Raising a moot point: Is there an ideal route to a better future? Could the trickle-down effects of economics and globalised trade bring dividends in the political spectrum along-with bridge the “trust gap”? Given economic integration could give a shared sense of responsibility to preserve peace and stability, for mutual benefit. But, is it enough?

The answers cannot be a simple ‘yes’ or ‘no’. South Asia’s regional integration is high on promises and potential, but low on delivery. The region definitely has advantage in terms of demographics, being home to a huge young, working population and hence is not lacking in human potential, but mutual suspicions and historical baggage among member nations have often scuttled the prospects of joint development.

Importantly, there is renewed priority being given in official policy-making to the idea of an “Asian re-integration” fashioned on the basis of common economic goals. Whereby, official accounts look at the potential by eliminating trade restrictions, increasing connectivity and tapping the great potential for intra-regional trade within South Asia.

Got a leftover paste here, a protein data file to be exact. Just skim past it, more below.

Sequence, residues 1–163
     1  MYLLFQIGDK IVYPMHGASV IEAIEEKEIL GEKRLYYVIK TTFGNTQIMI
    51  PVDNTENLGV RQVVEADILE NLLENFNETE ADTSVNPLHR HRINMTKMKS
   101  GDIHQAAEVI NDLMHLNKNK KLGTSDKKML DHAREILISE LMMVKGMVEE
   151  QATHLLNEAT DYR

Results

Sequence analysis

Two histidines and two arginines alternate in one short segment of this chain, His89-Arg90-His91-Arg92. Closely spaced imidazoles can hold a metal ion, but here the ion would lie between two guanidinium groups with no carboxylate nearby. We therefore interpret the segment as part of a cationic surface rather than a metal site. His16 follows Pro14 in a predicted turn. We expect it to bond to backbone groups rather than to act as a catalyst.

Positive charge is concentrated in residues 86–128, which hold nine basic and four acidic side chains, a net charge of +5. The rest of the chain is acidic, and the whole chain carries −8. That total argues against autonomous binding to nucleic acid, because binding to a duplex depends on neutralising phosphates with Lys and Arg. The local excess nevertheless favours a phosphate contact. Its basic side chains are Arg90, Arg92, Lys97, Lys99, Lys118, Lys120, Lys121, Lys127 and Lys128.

However, efforts at economic integration and business inter-actions increasing despite with lingering differences over political and strategic is the way forward. India is the major landmass connecting all other regional nations wherein the economic potential and its market should be seen as an opportunity, not a liability or source of threat by others.

Asserted Krishna, India is driven by the vision of encouraging integration in its immediate neighbourhood. “As part of this vision, it has been implementing a policy of asymmetric engagement in providing market access to our neighbours, which enables integration in a mutually beneficial manner. This is one of the most significant challenges facing our foreign policy today.”